Two lethal samples at Canberra pill test

Jennifer Jennings
Half of the pills tested at Groovin in the Moo were MDMA but two samples included lethal substances

Two lethal ingredients, some Polish toothpaste and paint have been uncovered in pills tested at a Canberra music festival.

In what is being hailed as a tremendous success, organisers of the Australian-first trial tested 85 samples at the Groovin the Moo event on Sunday.

Half of the pills tested were pure MDMA, but the other 50 per cent contained other substances including Polish toothpaste, condensed milk and paint.

STA-SAFE Consortium's Dr David Caldicott said two of the samples were red flagged as deadly, including one containing the lethal N-Ethylpentylone chemical.

"The machine that we used was front loaded with every compound that is known in any library anywhere in the world two days before the event and yet still there was a compound which the machine struggled with," he told reporters in Canberra on Monday about the other lethal ingredient.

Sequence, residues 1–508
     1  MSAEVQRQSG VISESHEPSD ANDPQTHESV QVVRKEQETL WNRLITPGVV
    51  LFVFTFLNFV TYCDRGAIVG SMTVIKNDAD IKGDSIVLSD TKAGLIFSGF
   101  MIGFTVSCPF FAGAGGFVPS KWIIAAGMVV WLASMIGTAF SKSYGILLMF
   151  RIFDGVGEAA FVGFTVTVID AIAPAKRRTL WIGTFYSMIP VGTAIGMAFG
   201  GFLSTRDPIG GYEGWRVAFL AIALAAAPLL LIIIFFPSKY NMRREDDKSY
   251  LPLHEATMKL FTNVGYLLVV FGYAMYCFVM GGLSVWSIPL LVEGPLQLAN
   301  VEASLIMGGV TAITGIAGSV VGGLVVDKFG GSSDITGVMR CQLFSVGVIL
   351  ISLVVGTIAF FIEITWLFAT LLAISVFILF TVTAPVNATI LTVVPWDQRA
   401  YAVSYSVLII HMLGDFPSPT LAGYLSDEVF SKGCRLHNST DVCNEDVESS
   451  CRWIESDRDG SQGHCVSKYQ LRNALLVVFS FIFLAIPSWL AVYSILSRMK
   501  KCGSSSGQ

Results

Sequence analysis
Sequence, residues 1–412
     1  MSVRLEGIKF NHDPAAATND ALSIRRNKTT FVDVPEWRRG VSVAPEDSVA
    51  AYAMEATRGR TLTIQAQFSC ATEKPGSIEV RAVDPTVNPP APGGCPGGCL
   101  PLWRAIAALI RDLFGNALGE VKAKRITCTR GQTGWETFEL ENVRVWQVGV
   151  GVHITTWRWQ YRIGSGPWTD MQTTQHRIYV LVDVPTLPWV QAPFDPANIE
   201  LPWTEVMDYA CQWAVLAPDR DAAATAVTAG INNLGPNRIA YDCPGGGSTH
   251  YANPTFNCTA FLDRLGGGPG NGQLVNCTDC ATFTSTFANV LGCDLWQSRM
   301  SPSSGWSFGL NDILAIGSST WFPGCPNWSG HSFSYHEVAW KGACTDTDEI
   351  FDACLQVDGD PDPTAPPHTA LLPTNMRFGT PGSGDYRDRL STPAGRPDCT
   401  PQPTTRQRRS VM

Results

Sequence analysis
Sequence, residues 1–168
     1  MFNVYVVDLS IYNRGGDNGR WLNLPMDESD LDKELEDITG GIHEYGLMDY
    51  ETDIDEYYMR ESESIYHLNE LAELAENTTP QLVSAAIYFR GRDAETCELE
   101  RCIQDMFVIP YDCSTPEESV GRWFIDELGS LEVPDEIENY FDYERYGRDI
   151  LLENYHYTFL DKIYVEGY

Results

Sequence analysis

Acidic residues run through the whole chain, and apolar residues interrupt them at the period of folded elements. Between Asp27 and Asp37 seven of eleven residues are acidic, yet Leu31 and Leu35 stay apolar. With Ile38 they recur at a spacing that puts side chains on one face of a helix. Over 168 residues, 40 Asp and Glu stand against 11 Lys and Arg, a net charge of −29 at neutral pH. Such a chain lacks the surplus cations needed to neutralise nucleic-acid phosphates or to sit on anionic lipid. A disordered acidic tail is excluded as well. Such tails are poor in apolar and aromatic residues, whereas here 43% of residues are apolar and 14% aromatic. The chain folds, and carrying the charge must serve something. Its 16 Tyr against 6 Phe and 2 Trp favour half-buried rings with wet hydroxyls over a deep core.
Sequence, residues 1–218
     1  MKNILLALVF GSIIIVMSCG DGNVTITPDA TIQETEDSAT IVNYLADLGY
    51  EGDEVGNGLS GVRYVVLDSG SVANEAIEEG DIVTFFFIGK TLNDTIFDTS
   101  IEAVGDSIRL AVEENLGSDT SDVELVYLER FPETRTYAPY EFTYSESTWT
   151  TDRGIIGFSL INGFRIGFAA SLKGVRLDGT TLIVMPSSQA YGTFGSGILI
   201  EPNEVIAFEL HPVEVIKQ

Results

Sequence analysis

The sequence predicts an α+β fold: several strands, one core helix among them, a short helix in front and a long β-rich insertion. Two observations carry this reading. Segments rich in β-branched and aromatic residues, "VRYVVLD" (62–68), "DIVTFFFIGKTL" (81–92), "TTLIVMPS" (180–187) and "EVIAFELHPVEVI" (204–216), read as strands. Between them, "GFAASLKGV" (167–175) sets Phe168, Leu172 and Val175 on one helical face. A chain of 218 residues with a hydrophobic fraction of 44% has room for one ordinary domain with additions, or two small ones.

They spoke to 128 young people who came through the tent, which organisers said would normally be "invisible" to authorities.

Dr Caldicott said some festival-goers were standing in the rain to get their pills tested.

"We had all grand ideas of getting out and looking at some music and maybe having some dinner and we barely had time to get out and have a wee," he said.

The emergency doctor said it's not a matter of if but when more testing at festivals takes place.

"If I have anything to do about it I will personally purchase a neon sign," he said.

A previously proposed trial at Canberra festival Spilt Milk was stopped at the last minute last year.

Despite the short notice for this trial, Dr Caldicott was delighted by the lifesaving results.

"I think we may have broken the ice," he said.

"I think next time round there won't be as big a brouhaha."

ACT Chief Health Officer Dr Paul Kelly said the lessons learnt from an evaluation into the exercise would be valuable for the territory and other states.

He said if authorities continue to take the same approach as the past 30 years on drug policy they'll get the same results - young people putting themselves in harm's way.

"At least with pill testing they have some information to guide their behaviour and we did see yesterday people changing their behavioural choices."

ACT Chief Police Officer Assistant Commissioner Justine Saunders said police were pleased with the very little anti-social behaviour and few arrests at the festival.

She said her officers kept a safe distance from the tent.